In August of 2004, I was asked to be Chairman of an industry task force made up of leading breeders, consignors, owners, vets, and sales personnel - the purpose was to come up with a Code of Ethics, primarily concerning conduct at Thoroughbred auction sales. This initiative, of course, invited national press scrutiny.
An enormous amount of work went into this effort, and in December we announced our recommendations concerning (1) accepted veterinary practices, (2) dual agency and (3) full disclosure.
This Code of Ethics was needed. It was healthy to examine and focus the spotlight on any wrongdoing that exists among agents and consignors. However, I would point out very strongly that I have been in the Thoroughbred business for 35 years and have never been cheated. I think the integrity of the Thoroughbred industry is as strong as any industry.
But, there are people in every industry that seek to take advantage of newcomers.
It is a shocking fact that many people come into our industry with incredibly impressive business credentials, yet their enthusiasm for participating in racing is so great (thank goodness) that they tend to leave their brains at the door, and hook up with the first agent or trainer they bump into, without doing the due diligence they would have procedurally done in their previous business. Some of these people have been taken to the cleaners, and it is a shame, and we must do everything we can to eliminate that.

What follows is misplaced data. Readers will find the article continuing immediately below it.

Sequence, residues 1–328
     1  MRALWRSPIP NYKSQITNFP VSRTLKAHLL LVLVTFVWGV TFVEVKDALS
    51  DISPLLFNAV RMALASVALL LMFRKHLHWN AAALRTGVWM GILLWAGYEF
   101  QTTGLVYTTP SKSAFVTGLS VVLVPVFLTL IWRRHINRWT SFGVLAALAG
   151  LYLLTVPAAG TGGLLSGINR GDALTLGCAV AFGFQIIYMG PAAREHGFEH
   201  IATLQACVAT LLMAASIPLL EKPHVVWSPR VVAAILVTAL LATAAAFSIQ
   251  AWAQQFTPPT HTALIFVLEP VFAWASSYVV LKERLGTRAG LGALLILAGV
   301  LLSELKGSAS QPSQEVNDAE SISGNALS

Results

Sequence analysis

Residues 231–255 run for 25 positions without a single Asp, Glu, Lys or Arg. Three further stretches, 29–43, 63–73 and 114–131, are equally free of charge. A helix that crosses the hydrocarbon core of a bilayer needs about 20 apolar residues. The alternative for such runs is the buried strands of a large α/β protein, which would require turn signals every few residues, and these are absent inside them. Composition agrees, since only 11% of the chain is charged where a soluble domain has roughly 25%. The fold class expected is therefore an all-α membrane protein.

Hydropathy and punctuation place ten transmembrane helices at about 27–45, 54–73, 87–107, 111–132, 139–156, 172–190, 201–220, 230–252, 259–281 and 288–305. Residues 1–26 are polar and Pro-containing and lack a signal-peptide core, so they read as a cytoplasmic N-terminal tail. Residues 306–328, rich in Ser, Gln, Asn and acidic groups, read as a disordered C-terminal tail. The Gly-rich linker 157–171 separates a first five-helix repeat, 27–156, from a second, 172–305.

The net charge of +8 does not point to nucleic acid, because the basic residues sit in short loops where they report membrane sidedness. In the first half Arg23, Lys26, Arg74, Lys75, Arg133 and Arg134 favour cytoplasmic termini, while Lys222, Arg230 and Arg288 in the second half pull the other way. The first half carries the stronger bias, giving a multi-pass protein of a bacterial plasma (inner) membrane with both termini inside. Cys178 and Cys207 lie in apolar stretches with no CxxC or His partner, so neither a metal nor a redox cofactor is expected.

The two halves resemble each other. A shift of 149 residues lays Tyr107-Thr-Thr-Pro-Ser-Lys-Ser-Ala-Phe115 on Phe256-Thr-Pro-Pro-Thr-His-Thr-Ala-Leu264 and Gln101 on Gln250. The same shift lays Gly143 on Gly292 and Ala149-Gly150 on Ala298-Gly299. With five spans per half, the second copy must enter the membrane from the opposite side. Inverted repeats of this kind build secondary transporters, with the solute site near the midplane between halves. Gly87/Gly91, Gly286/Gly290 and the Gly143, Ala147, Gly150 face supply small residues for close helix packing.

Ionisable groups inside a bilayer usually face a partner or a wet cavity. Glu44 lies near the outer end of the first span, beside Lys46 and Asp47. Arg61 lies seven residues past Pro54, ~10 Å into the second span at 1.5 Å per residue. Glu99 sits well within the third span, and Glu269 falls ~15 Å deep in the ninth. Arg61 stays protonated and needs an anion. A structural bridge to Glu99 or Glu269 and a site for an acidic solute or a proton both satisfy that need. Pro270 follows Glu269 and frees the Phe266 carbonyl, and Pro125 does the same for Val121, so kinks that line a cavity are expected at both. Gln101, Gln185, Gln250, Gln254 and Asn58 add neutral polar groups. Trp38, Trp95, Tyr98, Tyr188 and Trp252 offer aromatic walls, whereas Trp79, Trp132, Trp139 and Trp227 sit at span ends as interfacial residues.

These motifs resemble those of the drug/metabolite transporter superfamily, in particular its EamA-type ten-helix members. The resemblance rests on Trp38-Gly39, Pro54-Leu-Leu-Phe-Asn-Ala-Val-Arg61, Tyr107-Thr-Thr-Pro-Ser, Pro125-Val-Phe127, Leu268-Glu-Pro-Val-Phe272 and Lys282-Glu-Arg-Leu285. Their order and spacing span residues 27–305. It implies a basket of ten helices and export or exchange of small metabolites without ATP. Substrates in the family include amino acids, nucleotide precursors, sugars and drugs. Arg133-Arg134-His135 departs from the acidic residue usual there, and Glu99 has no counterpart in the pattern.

In racing we have no central point of control - no all-powerful Commissioner as exists in basketball, golf, football and baseball. Therefore, we were unable to come up with an ironclad method of putting "teeth" into our Code. The "teeth" had to come from (1) due diligence to begin with, (2) a written contract with any agent engaged, and (3) legal action if the buyer felt that he had been violated.
In recent months there has been a high visibility lawsuit on behalf of Mr. Jess Jackson, a wealthy new horse owner. He has taken action against agents and trainers he felt had taken kickbacks. Without any comment on the merits of the case, I do applaud the fact that legal action has been taken. Should it result in a finding in Mr. Jackson's favor, it will do a great deal to retard any other nefarious practices in the future. Even if the case does not go his way, it focuses attention on the fact that legal instruments should exist before a buyer-agent relationship is forged.
Generally, the sales companies in America - good friends of mine - have tended to drag their feet in promoting this Code of Ethics. Some have been dilatory in exhibiting the barn signs that they agreed to put up. These signs list those practices that are in violation of the Code, and the signs are designed to serve as a retardant for unscrupulous agents seeking under the table commissions.